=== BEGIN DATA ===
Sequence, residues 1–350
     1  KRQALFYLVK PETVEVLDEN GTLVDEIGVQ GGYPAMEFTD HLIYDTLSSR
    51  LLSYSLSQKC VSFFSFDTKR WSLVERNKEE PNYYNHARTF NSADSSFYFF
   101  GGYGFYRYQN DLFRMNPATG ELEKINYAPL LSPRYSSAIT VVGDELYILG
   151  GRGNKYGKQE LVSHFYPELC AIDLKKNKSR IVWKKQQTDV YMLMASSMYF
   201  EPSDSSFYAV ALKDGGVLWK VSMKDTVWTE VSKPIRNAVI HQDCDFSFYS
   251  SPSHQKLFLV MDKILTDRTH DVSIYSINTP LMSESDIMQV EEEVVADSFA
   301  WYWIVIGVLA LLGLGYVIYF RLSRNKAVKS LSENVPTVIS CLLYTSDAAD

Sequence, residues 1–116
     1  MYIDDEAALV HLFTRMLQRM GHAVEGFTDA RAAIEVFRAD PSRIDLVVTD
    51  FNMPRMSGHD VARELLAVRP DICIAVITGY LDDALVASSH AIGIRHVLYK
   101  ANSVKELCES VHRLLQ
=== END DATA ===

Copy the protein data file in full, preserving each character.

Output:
Sequence, residues 1–350
     1  KRQALFYLVK PETVEVLDEN GTLVDEIGVQ GGYPAMEFTD HLIYDTLSSR
    51  LLSYSLSQKC VSFFSFDTKR WSLVERNKEE PNYYNHARTF NSADSSFYFF
   101  GGYGFYRYQN DLFRMNPATG ELEKINYAPL LSPRYSSAIT VVGDELYILG
   151  GRGNKYGKQE LVSHFYPELC AIDLKKNKSR IVWKKQQTDV YMLMASSMYF
   201  EPSDSSFYAV ALKDGGVLWK VSMKDTVWTE VSKPIRNAVI HQDCDFSFYS
   251  SPSHQKLFLV MDKILTDRTH DVSIYSINTP LMSESDIMQV EEEVVADSFA
   301  WYWIVIGVLA LLGLGYVIYF RLSRNKAVKS LSENVPTVIS CLLYTSDAAD

Sequence, residues 1–116
     1  MYIDDEAALV HLFTRMLQRM GHAVEGFTDA RAAIEVFRAD PSRIDLVVTD
    51  FNMPRMSGHD VARELLAVRP DICIAVITGY LDDALVASSH AIGIRHVLYK
   101  ANSVKELCES VHRLLQ